Our website uses cookies

Cookies enable us to provide the best experience possible and help us understand how visitors use our website. By browsing Infosecurity Magazine, you agree to our use of cookies.

Okay, I understand Learn more

Security Product Acquisition – Ten Top Tips

A CISO from the health care industry explained that integration with his existing architecture is more important than buying the latest bells and whistles
A CISO from the health care industry explained that integration with his existing architecture is more important than buying the latest bells and whistles

Wisegate, which describes itself as "a private, practitioner-based IT research service for qualified senior technology professionals," has published a new report on how to manage product acquisition. It separates successful acquisition into three stages: managing vendor hype; managing security budget; and, finally, managing the ongoing relationship with the successful supplier.

The report is based on the practical experiences of a group of senior CISOs and presents 10 key recommendations – some of which contrast with common thinking. Unsurprisingly, one recommendation is to maximize any relationships that already exist. The surprising corollary, however, is that maybe it's not necessary to spend at all – maybe rationalization and updates are better than additional products. 

Even more surprising is the suggestion that the best product may not be the best solution. A CISO from the health care industry explains that integration with his existing architecture is more important than buying the latest bells and whistles. What I don’t want, he explained, “is a bunch of disparate tools that don't integrate with each other and cause my cost-of-administration to go through the roof."

Some of the ten tips are exactly what might be expected: 'stay up to date on trends and technologies', and consult with colleagues. But there are more surprises – such as 'ask tough questions to get the right answer'. For example, a CISO from an industrial manufacturing company said that he asks the vendor, "When are you not good? What do you do worse than your competitor?" If you've done the research, he suggests, "you can gauge the honesty of the vendor’s reply."

Another surprise comes in budget management. "The practice that I've adopted", said one CISO, "is to avoid spending my whole security budget. When I follow this practice, the executives realize that I’ll only spend the money that I need." The result is that if an over-budget emergency does come up, she can go to the board for more money and "they’re going to trust that I really need it because I’m not just out buying the latest and greatest gadget.”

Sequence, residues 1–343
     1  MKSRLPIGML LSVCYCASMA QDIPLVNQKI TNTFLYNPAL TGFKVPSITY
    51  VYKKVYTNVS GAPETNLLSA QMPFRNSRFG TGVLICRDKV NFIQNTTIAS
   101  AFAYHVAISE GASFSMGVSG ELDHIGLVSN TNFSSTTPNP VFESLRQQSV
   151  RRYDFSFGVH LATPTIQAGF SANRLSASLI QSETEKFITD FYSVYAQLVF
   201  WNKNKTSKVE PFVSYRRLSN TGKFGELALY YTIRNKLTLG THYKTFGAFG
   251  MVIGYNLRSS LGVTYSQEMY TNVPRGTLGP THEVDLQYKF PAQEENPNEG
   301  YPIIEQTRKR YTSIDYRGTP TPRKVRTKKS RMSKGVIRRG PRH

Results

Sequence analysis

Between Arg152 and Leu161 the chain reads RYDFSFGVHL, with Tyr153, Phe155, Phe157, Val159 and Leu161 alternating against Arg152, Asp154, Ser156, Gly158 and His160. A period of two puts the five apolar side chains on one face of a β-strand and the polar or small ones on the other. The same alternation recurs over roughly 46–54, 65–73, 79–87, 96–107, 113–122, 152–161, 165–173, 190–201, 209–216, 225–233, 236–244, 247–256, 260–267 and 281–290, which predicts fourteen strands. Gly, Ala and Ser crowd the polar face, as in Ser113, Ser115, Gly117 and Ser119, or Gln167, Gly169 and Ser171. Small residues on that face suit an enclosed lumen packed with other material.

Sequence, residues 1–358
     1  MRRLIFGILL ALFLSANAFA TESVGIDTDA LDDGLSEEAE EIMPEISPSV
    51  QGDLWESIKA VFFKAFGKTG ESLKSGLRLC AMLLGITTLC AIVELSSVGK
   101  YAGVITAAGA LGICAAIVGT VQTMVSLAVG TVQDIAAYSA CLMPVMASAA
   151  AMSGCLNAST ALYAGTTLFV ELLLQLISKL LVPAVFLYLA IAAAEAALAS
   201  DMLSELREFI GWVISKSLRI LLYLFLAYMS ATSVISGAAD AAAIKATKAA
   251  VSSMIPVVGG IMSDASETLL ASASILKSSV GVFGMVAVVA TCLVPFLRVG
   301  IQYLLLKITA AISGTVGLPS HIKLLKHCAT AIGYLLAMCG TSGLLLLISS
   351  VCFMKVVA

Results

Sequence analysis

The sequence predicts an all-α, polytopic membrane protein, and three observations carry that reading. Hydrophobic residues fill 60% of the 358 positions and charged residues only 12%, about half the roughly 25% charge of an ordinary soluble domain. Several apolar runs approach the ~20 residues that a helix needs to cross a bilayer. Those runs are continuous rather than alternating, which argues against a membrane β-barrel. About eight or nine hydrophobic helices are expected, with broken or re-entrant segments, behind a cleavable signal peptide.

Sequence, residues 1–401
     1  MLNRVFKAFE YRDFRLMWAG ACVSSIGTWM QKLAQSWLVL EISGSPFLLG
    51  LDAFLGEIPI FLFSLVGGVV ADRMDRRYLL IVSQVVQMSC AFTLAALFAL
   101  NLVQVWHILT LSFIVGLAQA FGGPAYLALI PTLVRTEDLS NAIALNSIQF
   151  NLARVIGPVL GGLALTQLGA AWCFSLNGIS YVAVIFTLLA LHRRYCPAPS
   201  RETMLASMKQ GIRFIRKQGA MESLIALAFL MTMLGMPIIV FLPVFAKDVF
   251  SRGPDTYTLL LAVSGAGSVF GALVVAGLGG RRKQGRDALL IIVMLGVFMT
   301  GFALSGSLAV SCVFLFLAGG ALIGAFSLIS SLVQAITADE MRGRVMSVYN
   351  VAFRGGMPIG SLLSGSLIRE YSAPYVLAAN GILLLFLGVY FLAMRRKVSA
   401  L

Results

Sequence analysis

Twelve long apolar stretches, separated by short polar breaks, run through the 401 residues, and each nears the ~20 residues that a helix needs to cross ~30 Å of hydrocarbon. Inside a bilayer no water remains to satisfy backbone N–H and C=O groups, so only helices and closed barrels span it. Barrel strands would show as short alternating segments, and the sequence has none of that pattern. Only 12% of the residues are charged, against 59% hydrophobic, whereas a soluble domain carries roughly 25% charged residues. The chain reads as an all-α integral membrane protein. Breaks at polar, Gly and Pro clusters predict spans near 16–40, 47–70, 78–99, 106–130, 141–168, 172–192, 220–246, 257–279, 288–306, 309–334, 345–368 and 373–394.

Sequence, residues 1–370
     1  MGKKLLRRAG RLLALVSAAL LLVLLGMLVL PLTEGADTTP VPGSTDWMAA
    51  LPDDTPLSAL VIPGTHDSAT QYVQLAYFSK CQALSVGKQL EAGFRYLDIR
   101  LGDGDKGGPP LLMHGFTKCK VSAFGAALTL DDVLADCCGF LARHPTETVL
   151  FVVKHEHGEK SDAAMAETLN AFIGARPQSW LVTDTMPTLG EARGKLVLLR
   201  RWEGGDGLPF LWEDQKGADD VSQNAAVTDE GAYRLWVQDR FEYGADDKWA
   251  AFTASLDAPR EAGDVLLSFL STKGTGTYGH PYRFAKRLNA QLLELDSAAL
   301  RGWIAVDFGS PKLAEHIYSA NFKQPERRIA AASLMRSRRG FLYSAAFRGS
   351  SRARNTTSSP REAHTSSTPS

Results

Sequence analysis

Buying the right product is only half the story. Once that has been done, the ongoing relationship with the supplier becomes vital. All products need support, and a good relationship with the supplier is the only way to get the best possible support. That, suggests the report, requires being firm but fair. This is summarized in the report by "Demand what you pay for, and say thank you when you get it", and work on that continuing vendor relationship, "but stay in charge, control and own it."

The final two tips, part of that ongoing relationship management, are to remember that "the best benefits are mutual benefits", and to "be reasonable with vendor gift policies." For the latter, where the consensus is to apply a dollar limit rather than and absolute exclusion, the suggestion is that "they should be neither fully accepted nor completely rejected."

“Security vendors are always trying to sell us the latest and greatest gadgets but I need solutions, not hype”, explained Candy Alexander, Wisegate member, and longtime CISO at several industry-leading companies, including Long Term Healthcare Partners. “By talking with my peers, through a convenient channel like Wisegate, I can sort through all the hot air to find the vendors that will work with my existing infrastructure, meet my budget requirements and have a demonstrated track record of solving problems versus creating new ones.”

What’s Hot on Infosecurity Magazine?